Overstock.com says it has sold over $1 million worth of merchandise to bitcoin users since it started accepting the virtual currency in January.» Read More
Think business journalists are too timid? Look what happens when you go after a struggling firm.
A big rise in bank stocks combined with an influx of bargain hunters Monday helped stocks reverse much of the effects of last week's slump.
The guys go behind the headlines and give you their take on the dismal economics numbers that capped off the worst January ever. But there are still places where you can make fast money.
Stocks ended at session highs Wednesday, led by banks, amid enthusiasm for this so-called "bad bank" plan and as the $825 billion stimulus package neared approval.
Online retailers realize two things in this tough holiday season: They've got to get to customers earlier and longer. So, they started rolling out the deals early to beat their rivals to the punch.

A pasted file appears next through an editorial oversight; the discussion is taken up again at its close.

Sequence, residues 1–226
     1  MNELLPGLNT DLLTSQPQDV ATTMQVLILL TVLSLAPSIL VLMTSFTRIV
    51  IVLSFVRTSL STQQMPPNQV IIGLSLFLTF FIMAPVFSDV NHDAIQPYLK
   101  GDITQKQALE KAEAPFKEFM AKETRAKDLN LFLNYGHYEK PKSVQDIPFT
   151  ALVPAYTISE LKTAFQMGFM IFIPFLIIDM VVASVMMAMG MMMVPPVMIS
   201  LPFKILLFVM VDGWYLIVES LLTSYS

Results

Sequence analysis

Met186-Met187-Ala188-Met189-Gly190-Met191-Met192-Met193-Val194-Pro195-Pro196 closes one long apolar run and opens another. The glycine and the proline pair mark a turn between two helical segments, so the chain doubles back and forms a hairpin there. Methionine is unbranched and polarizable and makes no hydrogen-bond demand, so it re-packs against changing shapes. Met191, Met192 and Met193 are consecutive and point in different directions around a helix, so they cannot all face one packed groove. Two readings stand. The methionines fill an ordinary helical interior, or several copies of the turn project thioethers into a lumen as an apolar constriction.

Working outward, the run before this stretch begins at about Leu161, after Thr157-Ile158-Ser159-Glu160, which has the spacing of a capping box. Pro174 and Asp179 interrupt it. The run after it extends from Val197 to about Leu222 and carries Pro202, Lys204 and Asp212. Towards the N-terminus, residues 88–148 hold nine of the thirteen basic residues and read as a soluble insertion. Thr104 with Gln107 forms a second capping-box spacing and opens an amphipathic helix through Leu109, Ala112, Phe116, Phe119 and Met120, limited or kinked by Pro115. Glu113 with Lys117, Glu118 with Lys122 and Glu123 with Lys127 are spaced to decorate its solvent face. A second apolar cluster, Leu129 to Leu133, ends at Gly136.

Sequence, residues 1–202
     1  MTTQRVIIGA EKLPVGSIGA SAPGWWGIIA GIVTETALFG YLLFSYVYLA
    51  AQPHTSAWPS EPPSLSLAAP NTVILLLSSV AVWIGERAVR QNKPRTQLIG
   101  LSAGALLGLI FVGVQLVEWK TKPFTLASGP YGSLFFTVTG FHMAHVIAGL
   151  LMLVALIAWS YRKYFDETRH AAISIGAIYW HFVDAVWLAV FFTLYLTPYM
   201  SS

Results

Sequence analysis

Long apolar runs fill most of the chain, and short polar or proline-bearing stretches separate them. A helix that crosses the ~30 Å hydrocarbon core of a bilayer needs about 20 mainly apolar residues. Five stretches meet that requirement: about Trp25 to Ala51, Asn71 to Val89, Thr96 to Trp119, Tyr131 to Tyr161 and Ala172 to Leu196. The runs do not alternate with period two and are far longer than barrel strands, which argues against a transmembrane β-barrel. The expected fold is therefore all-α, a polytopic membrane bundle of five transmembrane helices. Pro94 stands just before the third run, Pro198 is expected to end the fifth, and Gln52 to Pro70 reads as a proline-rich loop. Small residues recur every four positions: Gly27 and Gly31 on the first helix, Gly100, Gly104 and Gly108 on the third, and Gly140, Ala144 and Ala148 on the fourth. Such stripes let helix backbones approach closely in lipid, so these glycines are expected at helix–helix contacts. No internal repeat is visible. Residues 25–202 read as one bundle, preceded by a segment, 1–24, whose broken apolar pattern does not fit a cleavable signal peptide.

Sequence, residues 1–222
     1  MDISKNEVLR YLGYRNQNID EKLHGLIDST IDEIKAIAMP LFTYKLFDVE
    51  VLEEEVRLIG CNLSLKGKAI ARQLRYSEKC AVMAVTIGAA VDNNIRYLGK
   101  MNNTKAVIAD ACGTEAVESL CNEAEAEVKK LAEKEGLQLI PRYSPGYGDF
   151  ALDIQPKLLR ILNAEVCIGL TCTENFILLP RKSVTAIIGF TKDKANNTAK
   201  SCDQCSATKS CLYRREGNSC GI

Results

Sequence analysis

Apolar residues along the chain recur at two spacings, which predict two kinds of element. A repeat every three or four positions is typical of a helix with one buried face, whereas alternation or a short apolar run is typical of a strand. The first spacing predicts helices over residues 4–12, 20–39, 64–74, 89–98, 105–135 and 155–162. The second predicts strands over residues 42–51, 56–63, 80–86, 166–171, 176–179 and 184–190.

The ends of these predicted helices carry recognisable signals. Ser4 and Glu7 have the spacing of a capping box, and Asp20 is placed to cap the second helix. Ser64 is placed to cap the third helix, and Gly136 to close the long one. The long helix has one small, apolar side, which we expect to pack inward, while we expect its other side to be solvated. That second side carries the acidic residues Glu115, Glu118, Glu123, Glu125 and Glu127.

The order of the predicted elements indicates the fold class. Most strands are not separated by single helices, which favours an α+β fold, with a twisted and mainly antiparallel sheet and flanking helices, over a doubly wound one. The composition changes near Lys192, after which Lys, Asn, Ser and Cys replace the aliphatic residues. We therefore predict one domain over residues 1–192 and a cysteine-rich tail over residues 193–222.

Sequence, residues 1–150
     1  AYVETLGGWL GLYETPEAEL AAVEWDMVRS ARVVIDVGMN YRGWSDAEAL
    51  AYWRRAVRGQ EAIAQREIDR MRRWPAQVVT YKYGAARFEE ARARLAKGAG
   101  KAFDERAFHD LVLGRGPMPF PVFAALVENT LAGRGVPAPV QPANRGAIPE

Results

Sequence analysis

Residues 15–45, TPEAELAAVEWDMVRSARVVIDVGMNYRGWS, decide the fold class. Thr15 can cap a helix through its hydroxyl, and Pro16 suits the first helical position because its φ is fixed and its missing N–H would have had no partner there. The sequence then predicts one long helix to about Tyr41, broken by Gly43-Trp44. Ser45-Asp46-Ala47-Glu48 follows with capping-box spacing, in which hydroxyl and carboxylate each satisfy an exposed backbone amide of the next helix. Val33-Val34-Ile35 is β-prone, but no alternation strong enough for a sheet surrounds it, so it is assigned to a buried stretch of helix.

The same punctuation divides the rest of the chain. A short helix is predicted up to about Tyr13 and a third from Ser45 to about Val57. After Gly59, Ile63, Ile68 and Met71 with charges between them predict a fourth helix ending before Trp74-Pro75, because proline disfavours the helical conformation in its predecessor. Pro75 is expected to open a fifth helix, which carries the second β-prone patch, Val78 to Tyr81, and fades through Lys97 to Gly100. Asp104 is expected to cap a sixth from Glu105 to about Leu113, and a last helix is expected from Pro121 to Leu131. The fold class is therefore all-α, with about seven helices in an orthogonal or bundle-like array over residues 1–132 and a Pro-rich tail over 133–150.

Overstock.com and its outspoken leader are going after some big fish on Wall Street. Overstock Chief Executive Patrick Byrne has filed a $3.4 billion lawsuit against brokerage firms alleging a “massive, illegal stock market manipulation scheme.” The suit has left some power players fit to be tied, including Marketwatch.com columnist Herb Greenberg. As fate would have it, our cameras were rolling on Greenberg's fit.
Overstock.com, the online seller of excess inventory, on Wednesday said it entered a non-binding letter of intent to sell its OTravel.com travel unit to an unnamed third party, and that a resulting write-down will increase its 2006 net loss by $4.9 million.
Overstock.com on Friday said it sued at least 10 major U.S. brokerages, seeking $3.48 billion in damages for what it called their deliberate attempt to drive the online retailer's stock price down.
It killed eToys. It’s the great equalizer between brick and click retail. It’s shipping – and when the U.S. Postal Service didn’t satisfy demand, the United Parcel Service and Fedex saw their opportunity.